AMJ-700-IBU Blue Paint/Coating for Logos and Emblems on Spacecraft

AMJ-700-IBU is an inorganic blue paint developed for use on spacecraft and satellites.  A specialized pigment in a silicate binder, AMJ-700-IBU can be spray deposited with standard air spray painting equipment or high-volume low-pressure system to form a bendable inorganic nonspecular blue marker coating for use on emblems, logos, signs etc. on spacecraft / satellites. NASA has tested AMJ-700-IBU exposed to atomic oxygen (AO) fluence of 5.6  x 1022 atoms/cm2 and vacuum ultraviolet (VUV) energy.  It has also be tested for resistance to ultraviolet (UV) radiation for a duration of 566 equivalent solar hours.  Less than 2% deterioration in solar absorptance (α_s) and less than 1% change in thermal emittance (ε_t). AMJ-700-IBU will be tested in the near future for flammability and toxicity requirements per NHB 8060.1C and being completely inorganic this coating is expected to pass these tests.

This spacecraft / satellite paint has been thoroughly tested in space, having been flown on the Materials International Space Station Experiment (MISSE). AZ Technology used AMJ-700-IBU in coating all NASA logos (and ESA logos) currently on the International Space Station (view image at lower left).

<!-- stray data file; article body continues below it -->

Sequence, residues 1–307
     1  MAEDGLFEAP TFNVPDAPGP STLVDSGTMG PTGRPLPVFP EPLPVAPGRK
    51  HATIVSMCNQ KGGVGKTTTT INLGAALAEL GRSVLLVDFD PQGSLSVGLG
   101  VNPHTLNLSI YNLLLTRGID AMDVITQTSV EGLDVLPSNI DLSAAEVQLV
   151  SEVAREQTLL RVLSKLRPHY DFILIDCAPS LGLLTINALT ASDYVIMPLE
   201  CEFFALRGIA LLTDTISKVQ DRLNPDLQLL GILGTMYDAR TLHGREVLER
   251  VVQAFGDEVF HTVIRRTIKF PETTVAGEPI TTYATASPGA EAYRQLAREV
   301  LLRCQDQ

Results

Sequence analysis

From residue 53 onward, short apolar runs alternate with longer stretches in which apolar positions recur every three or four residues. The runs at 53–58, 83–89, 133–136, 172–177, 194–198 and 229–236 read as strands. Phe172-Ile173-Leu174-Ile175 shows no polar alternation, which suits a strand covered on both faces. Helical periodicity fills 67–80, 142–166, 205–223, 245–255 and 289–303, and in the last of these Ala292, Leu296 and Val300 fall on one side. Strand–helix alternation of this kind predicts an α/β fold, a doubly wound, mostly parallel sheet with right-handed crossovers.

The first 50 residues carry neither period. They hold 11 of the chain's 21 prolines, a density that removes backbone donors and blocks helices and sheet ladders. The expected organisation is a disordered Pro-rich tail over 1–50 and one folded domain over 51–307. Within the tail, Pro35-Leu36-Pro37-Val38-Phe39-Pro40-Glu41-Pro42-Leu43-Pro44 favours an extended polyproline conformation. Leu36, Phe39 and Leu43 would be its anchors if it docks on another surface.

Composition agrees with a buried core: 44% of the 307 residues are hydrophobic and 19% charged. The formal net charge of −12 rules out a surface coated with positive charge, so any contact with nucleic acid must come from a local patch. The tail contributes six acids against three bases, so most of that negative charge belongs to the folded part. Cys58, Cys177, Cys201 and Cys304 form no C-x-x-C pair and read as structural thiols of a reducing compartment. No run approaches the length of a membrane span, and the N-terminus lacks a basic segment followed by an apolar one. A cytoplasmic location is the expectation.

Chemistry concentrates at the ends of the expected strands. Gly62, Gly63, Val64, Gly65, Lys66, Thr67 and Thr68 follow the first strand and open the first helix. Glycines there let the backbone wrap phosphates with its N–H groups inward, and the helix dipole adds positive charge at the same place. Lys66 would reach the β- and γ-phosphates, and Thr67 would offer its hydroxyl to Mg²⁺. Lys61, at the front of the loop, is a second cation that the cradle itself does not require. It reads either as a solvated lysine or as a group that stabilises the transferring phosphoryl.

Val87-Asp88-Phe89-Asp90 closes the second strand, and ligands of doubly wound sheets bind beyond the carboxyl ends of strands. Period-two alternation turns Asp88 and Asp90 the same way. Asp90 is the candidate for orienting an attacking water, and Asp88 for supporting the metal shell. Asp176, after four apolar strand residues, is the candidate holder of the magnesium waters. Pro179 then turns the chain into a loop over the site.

View pre- and post-flight data for AMJ-700-IBU on MISSE (after 4 years in space) .

The table below lists the optical and application parameters of cured AMJ-700-IBU.


Nominal Surface Resistivity N/A
Thermal Emittance (ε_t) 0.88 ± 0.02
Solar Absorptance (α_s) ~0.76 at ≥ 3.0 mils thickness
Use Temperature Range -180 C to 900 C
Appearance/Color Nonspecular optical blue
Nominal Dry Thickness 3.0 ± 1.0 mils (over 85% of coated area)
ASTM D3359A Adhesion Grade Not less than 3A
Full Cure Full Cure

Note: terms reflectance, emittance and absorptance and terms reflectivity, emissivity and absorptivity are often used interchangeably.

On screen color may vary.